Geology: There are 58 Geological Society of America Special Publications available. Geological Society of London publications also appear as well as some UN publications.

Agriculture: There are approximately 350 agriculture titles. At present there are 17 CABI titles included in that number. Other books included are titles on sustainable agriculture and agriculture in Africa, World Bank Papers and OECD Reviews such as the OECD Industrial Outlook 2005-2014. World Bank Papers are heavily represented. There are a number of World Bank Technical papers and Country Studies as well as discussion papers. University of California Press titles are also well represented in the list of agriculture titles.

Computer Science and Technology: This area is well represented in NetLibrary. Computer science and technology books seem most conducive to the online format because they are often used as ready reference material for quick answers to short questions. As most STM librarians are aware, computer science books become obsolete almost as soon as they are published. E-books may be a good solution to the problem of storage space for the vast number of new computer manuals being published each year.

Engineering: There are over 1,200 books on engineering generally and almost 20% of those are CRC Press books. There are approximately 20 books available specifically on mechanical engineering and also about the same number each for nuclear and civil engineering and over 40 for chemical engineering. Included in this part of the collection are pocket reference works, building code handbooks/standards, ISO 14000 and ISO 9000 series standards, CAD guidebooks, and a variety of other engineering handbooks.

In terms of searchability and interface design, NetLibrary's 4.0 version is an improvement over earlier versions. Users can search NetLibrary by keyword, title, author, subject and full text. A radio button beneath the search box allows users to limit the search to English, Spanish, French, or German. The advanced search screen offers more options for searching such as ISBN and publisher. The advanced search screen also offers the option to limit results by year or language and to change the results display order.

The search screens offers access to a help page that explains things like usage of Boolean operators and details on searching and using NetLibrary. The search screens have a clean design with minimal distraction. They also save recent searches so they can be easily run again.

Once users run a search they will see a box that contains related topics. Also, after the user views a particular book the system will display a box that contains links to similar items. This is helpful to alert users to related subject areas and more items on their topics. Items that the library does not subscribe to are indicated by a "*" next to the title.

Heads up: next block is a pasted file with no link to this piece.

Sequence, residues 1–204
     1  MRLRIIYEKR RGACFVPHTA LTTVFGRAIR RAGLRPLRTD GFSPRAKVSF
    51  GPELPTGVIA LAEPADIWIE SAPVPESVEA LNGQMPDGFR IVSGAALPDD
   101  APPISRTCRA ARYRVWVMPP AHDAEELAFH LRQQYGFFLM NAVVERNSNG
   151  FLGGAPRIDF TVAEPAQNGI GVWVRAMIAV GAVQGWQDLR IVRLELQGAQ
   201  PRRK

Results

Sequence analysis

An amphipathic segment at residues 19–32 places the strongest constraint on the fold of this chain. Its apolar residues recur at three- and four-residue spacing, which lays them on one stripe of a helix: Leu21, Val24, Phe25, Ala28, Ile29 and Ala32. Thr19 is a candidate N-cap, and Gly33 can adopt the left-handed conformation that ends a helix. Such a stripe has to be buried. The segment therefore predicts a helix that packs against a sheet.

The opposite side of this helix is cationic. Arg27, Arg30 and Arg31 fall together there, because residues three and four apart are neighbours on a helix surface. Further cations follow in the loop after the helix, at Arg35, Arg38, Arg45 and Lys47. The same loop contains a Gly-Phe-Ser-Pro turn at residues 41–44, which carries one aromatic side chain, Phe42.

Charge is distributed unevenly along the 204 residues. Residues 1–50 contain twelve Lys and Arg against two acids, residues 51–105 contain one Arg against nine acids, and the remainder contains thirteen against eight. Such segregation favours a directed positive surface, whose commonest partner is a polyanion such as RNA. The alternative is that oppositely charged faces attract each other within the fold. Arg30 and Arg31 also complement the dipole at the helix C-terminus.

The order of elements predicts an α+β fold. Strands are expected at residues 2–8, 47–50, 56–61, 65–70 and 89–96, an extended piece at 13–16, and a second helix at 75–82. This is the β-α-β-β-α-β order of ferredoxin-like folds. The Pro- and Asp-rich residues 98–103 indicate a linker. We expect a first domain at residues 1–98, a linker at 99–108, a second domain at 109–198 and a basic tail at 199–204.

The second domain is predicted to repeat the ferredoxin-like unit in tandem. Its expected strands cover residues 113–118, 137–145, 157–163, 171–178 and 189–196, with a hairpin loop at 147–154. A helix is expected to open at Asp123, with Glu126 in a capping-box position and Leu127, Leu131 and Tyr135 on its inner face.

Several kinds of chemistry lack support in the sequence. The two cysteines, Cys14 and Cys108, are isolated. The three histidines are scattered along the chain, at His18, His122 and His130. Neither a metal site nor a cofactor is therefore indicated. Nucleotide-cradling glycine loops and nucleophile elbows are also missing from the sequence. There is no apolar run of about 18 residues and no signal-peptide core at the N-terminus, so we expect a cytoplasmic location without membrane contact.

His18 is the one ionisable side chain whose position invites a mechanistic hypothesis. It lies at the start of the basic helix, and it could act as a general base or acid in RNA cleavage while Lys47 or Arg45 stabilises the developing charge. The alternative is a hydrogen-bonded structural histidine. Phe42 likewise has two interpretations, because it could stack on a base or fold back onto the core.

If the user misspells a search term, NetLibrary quite helpfully asks, "Did you mean X?" and provides a hyperlink that will automatically run the search on the correctly spelled topic.

When the user selects a book to view, the system displays an image of the cover (if available) in a frame. The e-book may be viewed in NetLibrary's browser-based online reader. Plugins such as Adobe or DjVu may be required to view certain resources.

The online reader has two frames. The left frame contains the contents of the book while the right frame contains the text of the book. To read a book, one must click on the contents in the left frame to advance to the next section. It is not always a smooth transition because it is necessary to keep clicking on the little "+" sign to open new sections and then click on the appropriate section. It is a bit frustrating to have to keep doing this and not be given more than one page at a time to view. On the other hand it is nice to be able to jump from one section to another quickly. In addition, users can print only one page at a time of a NetLibrary eBook because of copyright law.

Some nice features include the hyperlinked footnotes and the ability to search the full text of the book for a particular keyword. It is also possible to save favorite items in NetLibrary and to save notes about an item. There is also a built-in dictionary so the user can look up unfamiliar terms.

If one user is viewing a book and someone else tries to view that copy at the same time the second user will receive a message saying, "We're sorry, your library's copies of this eContent are currently in use. Either try again later or use one of the options below." This includes being notified when the book is available via e-mail. One can either view an e-book or download and check out a book depending on the type of subscription the library holds.

Reading books online has been slow to catch on with many library customers. In a study at the University of Denver in 2005 the authors found that of e-book users, "Most respondents read only small portions of e-books, suggesting perhaps that print volumes are a better alternative for immersion in the text" (Levine-Clark 2006). Based on studies such as this one and anecdotal evidence, it seems that reference books and computer and technical manuals are some of the most likely candidates for heavy online usage. This works well for many STM subject areas where patrons just need access to a small amount of information contained in the item. Overall NetLibrary's interface is much improved from the early days and fairly straightforward to use and navigate. As more content is added to NetLibrary, librarians can hope to more titles in some of the less represented areas of the sciences.

Address

NetLibrary Division Office
4888 Pearl Circle, Ste 103
Boulder, CO 80301
USA
info@NetLibrary.com

References

Levine-Clark, M. 2006. Electronic book usage: a survey at the University of Denver. Portal: Libraries and the Academy 6 (3): 285-300.

NetLibrary, a division of OCLC Collection Development Policy. [Online]. Available: {http://library.netlibrary.com/CollectionDevelopmentPolicy.aspx} [Accessed: November 1, 2006].

Rosy, R. 2006. OCLC CJK Users Group. Annual Meeting, San Francisco California. [Online]. Available: {http://eastasianlib.org/oclccjk/oclccjk/AMeeting2006.html} [Accessed: November 1, 2006].